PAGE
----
An extensive system of troughs encircles Vesta's equatorial region. The biggest of those troughs, named Divalia Fossa, surpasses the size of the Grand Canyon. It spans 289 miles (465 kilometers) in length, 13.6 miles (22 kilometers) in width and 3 miles (5 kilometers) in depth. The complexity of the troughs' morphology can't be explained by small collisions. New measurements from Dawn indicate that a large collision could have created the asteroid's troughs, said Debra Buczkowski, a Dawn participating scientist based at the Johns Hopkins University Applied Physics Laboratory in Laurel, Md., who is the lead author of a new paper in Geophysical Research Letters, a journal of the American Geophysical Union. The crustal layer at the surface appeared to stretch to the breaking point and large portions of the crust dropped down along two faults on either side of the downward-moving block, leaving the giant troughs we see today.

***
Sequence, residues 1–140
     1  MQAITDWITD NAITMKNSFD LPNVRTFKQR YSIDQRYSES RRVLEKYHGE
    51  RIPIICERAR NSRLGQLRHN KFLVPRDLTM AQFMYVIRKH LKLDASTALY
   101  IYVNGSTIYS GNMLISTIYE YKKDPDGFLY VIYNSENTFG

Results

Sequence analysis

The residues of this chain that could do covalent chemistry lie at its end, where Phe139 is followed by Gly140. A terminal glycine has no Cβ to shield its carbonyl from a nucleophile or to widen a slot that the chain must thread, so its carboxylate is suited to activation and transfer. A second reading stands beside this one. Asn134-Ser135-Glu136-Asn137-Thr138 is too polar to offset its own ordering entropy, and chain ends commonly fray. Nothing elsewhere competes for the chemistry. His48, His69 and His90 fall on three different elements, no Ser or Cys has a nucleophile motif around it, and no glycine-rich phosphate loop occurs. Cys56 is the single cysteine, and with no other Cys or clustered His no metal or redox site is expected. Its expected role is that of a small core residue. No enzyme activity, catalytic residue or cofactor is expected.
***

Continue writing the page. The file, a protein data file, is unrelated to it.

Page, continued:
The scale of the fracturing would only have been possible if the asteroid is differentiated - meaning that it has a core, mantle and crust. "By saying it's differentiated," said Buczkowski, "we're basically saying Vesta was a little planet trying to happen."
For more information on the paper, see http://www.agu.org/news/press/pr_archives/2012/2012-42.shtml .
Media ContactJia-Rui C. Cook 818-354-0850
Jet Propulsion Laboratory, Pasadena, Calif.
Sean Treacy 202-777-7516
American Geophysical Union, Washington